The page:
Tuesday, January 25, 2011

The Curious Cow

Many, many years ago, I began recalling a foggy memory of a book that I had as a child. I had vague recollection of a cow who kept getting into trouble, particularly when the cow went into the house startled the farmer's wife. The cow's name was at the tip of my brain but slightly repressed and I thought the farmer's name was Brown (which was wrong, it's actually Green). About 6 months ago, I finally remembered that the cow's name was Katy, which is a different enough spelling that the google search engine provided me with a book name: The Curious Cow.

The book was originally published in 1960 with the last publication in 1977 so it's clearly been out of print for many years, hence my trouble in locating a copy. I finally did locate a reasonably good copy in hardback, the kind used in school libraries. What a fascinating discovery, when the book finally arrived, to see that the first library date was from February, 1962.

A few of the pages feel a little fragile near the binding, but otherwise the book is in very good shape. It's also fascinating to me to hear the language describing Katy as a "good cow" or a "bad cow" when that kind of labeling is so foreign in modern children's picture books.

My favorite part of rediscovering this treasure from my childhood was the illustrations. I love the rough sketching and the bright swaths of color.

I love how expressive Katy's eyes are despite the rough sketching.

And I especially love seeing the eggs fall to the floor, Katy walking down the plank of wood, and Katy swimming in the hole, all parts of the story I vividly remember being captivated by as a child.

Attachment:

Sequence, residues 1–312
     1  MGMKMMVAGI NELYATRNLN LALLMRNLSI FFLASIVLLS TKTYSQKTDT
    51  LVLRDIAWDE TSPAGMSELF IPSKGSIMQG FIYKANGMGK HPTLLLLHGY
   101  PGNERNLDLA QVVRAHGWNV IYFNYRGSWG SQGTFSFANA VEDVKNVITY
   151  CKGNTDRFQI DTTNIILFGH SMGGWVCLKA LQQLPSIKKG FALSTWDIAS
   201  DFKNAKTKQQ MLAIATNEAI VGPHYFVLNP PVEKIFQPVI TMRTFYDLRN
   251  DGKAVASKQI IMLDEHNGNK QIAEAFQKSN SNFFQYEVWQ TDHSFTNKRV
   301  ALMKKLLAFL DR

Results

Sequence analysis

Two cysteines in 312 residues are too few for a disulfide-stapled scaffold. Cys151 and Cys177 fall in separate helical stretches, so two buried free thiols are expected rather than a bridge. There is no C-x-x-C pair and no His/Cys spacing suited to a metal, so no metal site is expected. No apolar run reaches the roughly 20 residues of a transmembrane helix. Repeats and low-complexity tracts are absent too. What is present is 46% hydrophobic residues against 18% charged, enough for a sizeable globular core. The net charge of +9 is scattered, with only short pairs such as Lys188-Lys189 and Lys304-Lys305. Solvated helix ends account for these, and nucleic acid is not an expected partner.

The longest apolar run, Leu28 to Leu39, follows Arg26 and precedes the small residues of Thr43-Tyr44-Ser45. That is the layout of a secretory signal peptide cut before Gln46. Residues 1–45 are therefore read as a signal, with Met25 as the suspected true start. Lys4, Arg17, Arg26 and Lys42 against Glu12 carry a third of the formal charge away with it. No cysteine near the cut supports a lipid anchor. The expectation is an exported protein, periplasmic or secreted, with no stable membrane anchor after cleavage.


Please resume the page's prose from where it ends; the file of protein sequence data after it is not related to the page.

That's all. I'm not particularly recommending this book, although it's certainly worth the read if you ever stumble across it. This blog just wouldn't be a very good reflection of my opinion and taste in children's books without a mention of the book I spent so much of my childhood loving and so much of my adulthood searching for.

Friday, January 21, 2011

Little Blue Truck

Finn's most recent favorite, received for Christmas, is Little Blue Truck, about a sweet little farm truck named Blue. Blue has many little animal friends that help him along the way and an older big dump truck friend named Dump.

The lyrical verse and prevalence of onomatopoeias makes this book a fun read for the toddler and preschool set.

The illustrations are very sweet, with the right mixture of silliness and warmth. I especially like the splatter on the mud page, which looks so realistic, like most of the mud-splattered trucks in my own yard.

With a charming little moral message about friendship and kindness, the book is well-rounded and perfect tale for little ones.

You'll be cheering along with Blue and his little animal friends, especially the strong toad, when they ride away, covered in mud and hearts full of friendship.

Tuesday, January 18, 2011

The Tomtes of Hilltop Wood

We received The Tomtes of Hilltop Wood as a gift several months ago, and it quickly became one of Finn's favorite books. We always enjoy looking for tomte and gnome houses in the woods and Finn was so delighted to see the tomtes appear from the Hilltop Wood.

The children in the story learn that the workmen plan to put a road through Hilltop Wood and rush to tell the tomtes right away.